Presidential candidate to sue US government over foreign bank account reporting rules

Monday, 29 June 2015

Senator of Kentucky and Presidential candidate Rand Paul is to sue the Internal Revenue Service in pursuance of a court declaration that its Foreign Bank Account Reporting (FBAR) regime and the Foreign Account Tax Compliance Act (FATCA) are unconstitutional.

FATCA requires foreign banks to report accounts held by US persons back to the Internal Revenue Service so that the accountholders can be taxed accordingly. The six US expatriates who appear as co-plaintiffs in the suit (collectively filed under the name 'Republicans Overseas Action') say they have been denied normal banking services in the countries where they live, because the US authorities' use of FATCA, and their wider campaign against offshore tax evasion, has deterred foreign banks from accepting American clients.

The Isaac Brock Society reports that Rand will join the six republicans in the lawsuit although according to Bloomberg a spokesman for Paul would not 'confirm the Kentucky senator's involvement' in the suit, which is reportedly scheduled to be filed today in a southern Ohio federal district court. The US expat plaintiffs claim that the FATCA and FBAR provisions violate the US Constitution's prohibition on 'unreasonable search and seizure', as they mandate the collection and reporting of confidential information without 'probable cause' or a warrant. They also claim that the heavy fines associated with the FBAR regime amount to 'cruel and unusual punishment'.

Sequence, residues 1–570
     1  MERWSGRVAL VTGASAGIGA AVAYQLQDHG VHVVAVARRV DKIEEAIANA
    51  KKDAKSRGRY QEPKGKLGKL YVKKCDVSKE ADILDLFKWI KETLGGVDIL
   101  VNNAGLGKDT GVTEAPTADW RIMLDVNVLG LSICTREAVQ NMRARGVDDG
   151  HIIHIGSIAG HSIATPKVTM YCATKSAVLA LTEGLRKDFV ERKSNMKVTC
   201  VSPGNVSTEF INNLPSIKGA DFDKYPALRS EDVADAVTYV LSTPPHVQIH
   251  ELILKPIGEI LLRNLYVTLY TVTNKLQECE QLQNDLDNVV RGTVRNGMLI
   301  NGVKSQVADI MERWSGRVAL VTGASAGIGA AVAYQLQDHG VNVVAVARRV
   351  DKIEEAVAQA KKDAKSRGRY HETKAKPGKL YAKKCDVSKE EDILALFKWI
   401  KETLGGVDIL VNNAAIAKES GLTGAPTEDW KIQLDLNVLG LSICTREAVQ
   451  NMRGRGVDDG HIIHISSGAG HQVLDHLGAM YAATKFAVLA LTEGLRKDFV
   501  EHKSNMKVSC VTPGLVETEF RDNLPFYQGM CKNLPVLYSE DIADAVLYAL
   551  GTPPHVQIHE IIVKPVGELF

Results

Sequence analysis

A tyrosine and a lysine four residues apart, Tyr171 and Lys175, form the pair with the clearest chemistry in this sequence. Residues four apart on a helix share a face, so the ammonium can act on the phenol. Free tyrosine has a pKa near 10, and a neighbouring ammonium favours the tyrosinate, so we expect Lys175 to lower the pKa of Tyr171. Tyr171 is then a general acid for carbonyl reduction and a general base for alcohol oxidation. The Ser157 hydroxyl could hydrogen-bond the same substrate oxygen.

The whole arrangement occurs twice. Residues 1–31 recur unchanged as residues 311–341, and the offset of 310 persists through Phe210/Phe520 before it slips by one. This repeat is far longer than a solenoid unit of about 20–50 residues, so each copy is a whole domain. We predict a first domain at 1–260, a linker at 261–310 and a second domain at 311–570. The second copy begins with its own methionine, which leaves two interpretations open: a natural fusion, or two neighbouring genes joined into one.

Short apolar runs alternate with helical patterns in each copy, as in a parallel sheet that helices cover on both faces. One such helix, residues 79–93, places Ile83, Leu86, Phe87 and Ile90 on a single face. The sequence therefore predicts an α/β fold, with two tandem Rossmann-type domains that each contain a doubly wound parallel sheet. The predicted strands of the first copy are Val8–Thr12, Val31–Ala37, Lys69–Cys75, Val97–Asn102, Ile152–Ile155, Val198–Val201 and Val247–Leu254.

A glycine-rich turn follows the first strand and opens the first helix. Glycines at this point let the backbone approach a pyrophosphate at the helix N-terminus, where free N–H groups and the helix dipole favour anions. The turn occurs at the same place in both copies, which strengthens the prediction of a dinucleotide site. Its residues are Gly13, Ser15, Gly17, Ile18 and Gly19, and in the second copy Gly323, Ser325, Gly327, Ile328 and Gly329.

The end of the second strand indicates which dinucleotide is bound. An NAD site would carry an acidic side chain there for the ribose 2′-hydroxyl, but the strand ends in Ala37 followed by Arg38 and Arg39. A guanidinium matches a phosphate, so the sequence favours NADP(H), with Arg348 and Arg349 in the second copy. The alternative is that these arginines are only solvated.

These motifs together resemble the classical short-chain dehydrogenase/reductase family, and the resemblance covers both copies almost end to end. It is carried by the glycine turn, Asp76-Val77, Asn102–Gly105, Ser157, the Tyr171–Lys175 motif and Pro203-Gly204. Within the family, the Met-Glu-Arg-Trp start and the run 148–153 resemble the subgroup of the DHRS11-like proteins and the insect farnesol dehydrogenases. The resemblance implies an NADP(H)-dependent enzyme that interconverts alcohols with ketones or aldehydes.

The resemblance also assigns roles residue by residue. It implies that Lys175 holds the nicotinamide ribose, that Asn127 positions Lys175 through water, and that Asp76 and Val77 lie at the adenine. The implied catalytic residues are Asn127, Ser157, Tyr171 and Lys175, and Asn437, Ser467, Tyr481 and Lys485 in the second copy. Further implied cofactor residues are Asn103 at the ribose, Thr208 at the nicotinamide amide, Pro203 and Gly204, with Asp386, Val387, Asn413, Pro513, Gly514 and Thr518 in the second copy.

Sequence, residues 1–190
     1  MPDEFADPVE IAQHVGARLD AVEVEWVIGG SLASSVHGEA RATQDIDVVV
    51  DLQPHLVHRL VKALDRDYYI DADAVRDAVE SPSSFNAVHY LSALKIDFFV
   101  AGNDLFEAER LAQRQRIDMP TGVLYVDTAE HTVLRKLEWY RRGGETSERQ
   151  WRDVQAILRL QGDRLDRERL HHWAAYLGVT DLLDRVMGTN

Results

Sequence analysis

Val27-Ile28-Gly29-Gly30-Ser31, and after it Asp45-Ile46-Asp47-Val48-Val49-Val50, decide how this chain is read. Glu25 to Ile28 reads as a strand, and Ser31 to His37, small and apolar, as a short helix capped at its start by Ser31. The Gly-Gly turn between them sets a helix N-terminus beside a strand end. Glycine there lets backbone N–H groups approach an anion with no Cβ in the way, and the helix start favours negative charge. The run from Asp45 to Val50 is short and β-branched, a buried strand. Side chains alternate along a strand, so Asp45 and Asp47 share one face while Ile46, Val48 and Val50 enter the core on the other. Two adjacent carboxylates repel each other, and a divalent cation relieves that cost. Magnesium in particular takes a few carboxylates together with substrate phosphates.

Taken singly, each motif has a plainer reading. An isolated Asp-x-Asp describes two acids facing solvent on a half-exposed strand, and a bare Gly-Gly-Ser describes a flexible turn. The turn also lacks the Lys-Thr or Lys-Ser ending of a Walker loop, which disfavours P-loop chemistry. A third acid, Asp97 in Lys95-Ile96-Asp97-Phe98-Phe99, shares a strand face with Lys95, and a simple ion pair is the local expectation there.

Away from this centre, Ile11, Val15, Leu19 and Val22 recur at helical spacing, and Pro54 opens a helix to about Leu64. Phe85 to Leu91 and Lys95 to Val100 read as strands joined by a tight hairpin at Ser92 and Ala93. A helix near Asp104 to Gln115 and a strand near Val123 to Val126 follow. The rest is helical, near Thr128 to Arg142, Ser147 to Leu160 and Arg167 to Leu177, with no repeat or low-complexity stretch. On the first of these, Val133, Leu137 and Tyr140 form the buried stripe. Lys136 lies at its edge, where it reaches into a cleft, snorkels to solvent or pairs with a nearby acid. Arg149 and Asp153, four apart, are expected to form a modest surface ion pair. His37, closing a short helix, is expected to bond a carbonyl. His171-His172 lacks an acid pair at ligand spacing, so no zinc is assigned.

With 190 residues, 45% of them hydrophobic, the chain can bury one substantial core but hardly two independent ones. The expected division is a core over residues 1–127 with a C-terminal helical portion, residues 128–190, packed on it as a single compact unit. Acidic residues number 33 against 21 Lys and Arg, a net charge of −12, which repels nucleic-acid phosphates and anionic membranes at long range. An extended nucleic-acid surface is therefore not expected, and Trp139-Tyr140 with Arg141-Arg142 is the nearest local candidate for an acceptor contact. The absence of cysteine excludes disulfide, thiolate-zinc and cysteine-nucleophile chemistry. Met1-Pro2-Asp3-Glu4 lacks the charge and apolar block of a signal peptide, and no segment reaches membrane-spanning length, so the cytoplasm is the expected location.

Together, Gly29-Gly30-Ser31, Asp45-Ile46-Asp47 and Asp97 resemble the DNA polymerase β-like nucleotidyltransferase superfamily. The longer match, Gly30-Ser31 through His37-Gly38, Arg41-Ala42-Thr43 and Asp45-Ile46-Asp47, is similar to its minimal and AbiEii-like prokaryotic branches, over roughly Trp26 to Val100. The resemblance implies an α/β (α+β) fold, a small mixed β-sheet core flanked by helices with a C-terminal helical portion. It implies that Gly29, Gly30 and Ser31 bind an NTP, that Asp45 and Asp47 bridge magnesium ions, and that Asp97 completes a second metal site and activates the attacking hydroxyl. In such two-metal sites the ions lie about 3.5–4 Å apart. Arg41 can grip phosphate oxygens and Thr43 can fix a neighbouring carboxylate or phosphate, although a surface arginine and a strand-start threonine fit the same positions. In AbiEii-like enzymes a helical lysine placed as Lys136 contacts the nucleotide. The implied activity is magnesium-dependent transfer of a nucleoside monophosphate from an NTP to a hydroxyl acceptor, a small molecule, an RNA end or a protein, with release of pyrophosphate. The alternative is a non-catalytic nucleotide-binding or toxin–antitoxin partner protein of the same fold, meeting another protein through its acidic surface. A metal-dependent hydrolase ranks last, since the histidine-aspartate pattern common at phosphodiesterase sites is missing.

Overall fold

The central argument deployed by Paul is that he, as a member of Congress, was denied his Constitutional right to vote on the intergovernmental agreements (IGAs) signed by the US Treasury Department with other governments to implement FATCA – which he claims is a violation of article II, section 2 of the Constitution. The Treasury regards these IGAs as 'executive agreements', and thus considers that they do not need to be approved by the Senate.

According to US tax law expert Jack Townsend, the case might present a 'forum where expats' claims of loss of access to banking services can be tested, to see whether they are anecdotal or systemic affecting large numbers of expatriates'. An estimated 8.7 million American citizens are living abroad, and the number who renounce their citizenship because of tax filings obligations is increasing each year.

  • The FATCA lawsuit means Paul could become the first presidential candidate to sue the government he hopes to lead.
  • Paul indicated in a Wall Street Journal article that, if he became President, he would 'repeal the entire IRS tax code' and replace it with a low flat income tax rate of 14.5 per cent, which would apply to both individuals and businesses, while the first USD50,000 of income for a family would not be taxed.


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